By Jacques du Preez
During the past season, logistics, and in particular the functioning of the main ports from where we ship our fruit, have been a huge headache during the initial and further lockdown levels in South Africa and abroad. There has, however, been great improvement in the SA ports since the excessive delays experienced earlier this year.
In order to find best practice solutions, the Hortgro Pome and Hortgro Stone Boards instructed management to work closely with the other fruit exporting industries in this regard. Hortgro has now joined forces with the other fruit industries to address these issues and pro-actively identify ongoing operational risks and to jointly fund capacity to deal with this matter.
Weekly meetings are now taking place with Transnet and the various port stakeholders (the shipping lines, industry associations, cold stores, exporters and freight forwarders/logistical representatives), to collectively and pro-actively deal with these issues. The focus of these meetings are not just on week-to-week operational issues (stack times, gate hours, working hours, productivity, wind, etc.) but are also to address infrastructure and equipment specifically at the Cape Town port.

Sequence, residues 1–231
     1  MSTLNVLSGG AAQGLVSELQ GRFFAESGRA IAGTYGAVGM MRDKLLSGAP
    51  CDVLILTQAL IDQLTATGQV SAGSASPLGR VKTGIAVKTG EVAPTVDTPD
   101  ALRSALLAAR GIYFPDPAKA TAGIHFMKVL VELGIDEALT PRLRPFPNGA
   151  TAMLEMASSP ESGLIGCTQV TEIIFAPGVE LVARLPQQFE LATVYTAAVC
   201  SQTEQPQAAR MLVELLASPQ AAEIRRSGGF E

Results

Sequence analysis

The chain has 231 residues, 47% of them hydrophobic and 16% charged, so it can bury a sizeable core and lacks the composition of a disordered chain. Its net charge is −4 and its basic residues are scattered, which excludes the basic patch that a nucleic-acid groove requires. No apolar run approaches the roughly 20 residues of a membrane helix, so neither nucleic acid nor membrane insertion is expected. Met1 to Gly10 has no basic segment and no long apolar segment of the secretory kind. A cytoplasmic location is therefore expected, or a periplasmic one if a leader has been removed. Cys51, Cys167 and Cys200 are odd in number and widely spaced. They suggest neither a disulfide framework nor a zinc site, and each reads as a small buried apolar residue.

Frequent reports will be distributed to all industry stakeholder to keep everyone informed of the situation in the ports and any potential problems that might arise. The expectation from Transnet is for the industry to keep them updated about the progression of the season and potential bottlenecks that may develop.
Amongst others, additional straddle carriers, rubber-tyred gantries and gangs (teams working the vessels) have already been commissioned. Attention is also given to the reefer plug-in points. The new equipment is able to operate at higher wind speeds. There seems to be a real desire from Transnet to improve port efficiency and to deliver a much-improved service. We are cautiously optimistic and excited that the Cape Town port will operate at its best level in many years this coming season.